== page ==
The flight continued towards HSV and according to audio from the HSV air traffic control tower (ATCT), at 1055:23, the pilot requested to descend to 6,000 ft msl, which was approved, then at 1101:11, he was instructed to descend and maintain 4,000 ft msl. At that time, the pilot noted HSV was to his left about 10 miles away. At 1107:47, the controller instructed the pilot to descend and maintain 3,000 feet, and the pilot reported that while descending out of 4,000 ft msl, the annunciator panel lights (including the low fuel pressure light) came on along with alarms. At about 1108:40, or about 4 hours 23 minutes since the flight departed, the pilot declared an emergency and advised the controller that the flight was out of fuel. The pilot was advised by the controller of the distance and location of the destination airport, as well as 2 other airports, but the pilot later stated that he looked in the direction but was not familiar.

He maintained 91 knots indicated airspeed (best glide speed) and maneuvered the airplane for a forced landing in a field. After seeing powerlines ahead he pushed the yoke but hit the bottom wire. The airplane then touched down on the main landing gear near the edge of the field, rolled up a slight embankment, and then onto a road, coming to rest upright. He exited the airplane and called 911 to report the accident.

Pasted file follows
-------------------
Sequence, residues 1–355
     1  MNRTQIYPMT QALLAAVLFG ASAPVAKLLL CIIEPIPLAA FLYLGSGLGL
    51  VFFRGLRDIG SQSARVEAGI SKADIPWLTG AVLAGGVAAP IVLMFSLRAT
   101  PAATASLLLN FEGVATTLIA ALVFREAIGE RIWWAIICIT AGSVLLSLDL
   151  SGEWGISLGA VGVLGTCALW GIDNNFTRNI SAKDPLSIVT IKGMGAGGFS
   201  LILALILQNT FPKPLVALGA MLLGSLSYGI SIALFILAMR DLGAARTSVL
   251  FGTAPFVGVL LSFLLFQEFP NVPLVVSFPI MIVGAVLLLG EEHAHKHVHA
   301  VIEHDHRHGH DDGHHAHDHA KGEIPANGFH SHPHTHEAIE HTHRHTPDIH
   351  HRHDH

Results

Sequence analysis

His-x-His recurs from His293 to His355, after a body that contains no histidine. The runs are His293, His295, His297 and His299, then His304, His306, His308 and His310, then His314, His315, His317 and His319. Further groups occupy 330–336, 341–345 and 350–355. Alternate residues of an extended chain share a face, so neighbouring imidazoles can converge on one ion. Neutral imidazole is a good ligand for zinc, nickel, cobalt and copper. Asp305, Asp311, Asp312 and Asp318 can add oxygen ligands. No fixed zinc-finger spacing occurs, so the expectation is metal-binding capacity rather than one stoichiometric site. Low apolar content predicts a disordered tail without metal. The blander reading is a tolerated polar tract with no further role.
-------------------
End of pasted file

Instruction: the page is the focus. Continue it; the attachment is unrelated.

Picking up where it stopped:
Pilot Information

Certificate: Commercial
Age: 33, Male
Airplane Rating(s): Multi-engine Land; Single-engine Land
Seat Occupied: Left
Other Aircraft Rating(s): None
Restraint Used:
Instrument Rating(s): Airplane
Second Pilot Present: No
Instructor Rating(s): None
Toxicology Performed: No
Medical Certification: Class 1 Without Waivers/Limitations
Last FAA Medical Exam: 04/04/2017
Occupational Pilot: Yes
Last Flight Review or Equivalent: 05/29/2017
Flight Time:  1063 hours (Total, all aircraft), 300 hours (Total, this make and model), 772 hours (Pilot In Command, all aircraft), 149 hours (Last 90 days, all aircraft) 

The pilot, age 33, held a commercial pilot certificate with ratings for airplane single and multi-engine land, issued October 15, 2014, and held a 1st class medical certificate with no limitations issued April 4, 2017. On the submitted NTSB Pilot/Operator Aircraft Accident/Incident Report, he reported 1,063 hours total flight time, of which 300 hours were in the accident make and model airplane.



Aircraft and Owner/Operator Information

Aircraft Make: PACIFIC AEROSPACE LTD
Registration: N750UP
Model/Series: 750XL NO SERIES
Aircraft Category: Airplane
Year of Manufacture: 2007
Amateur Built: No
Airworthiness Certificate: Normal
Serial Number: 133
Landing Gear Type: Tricycle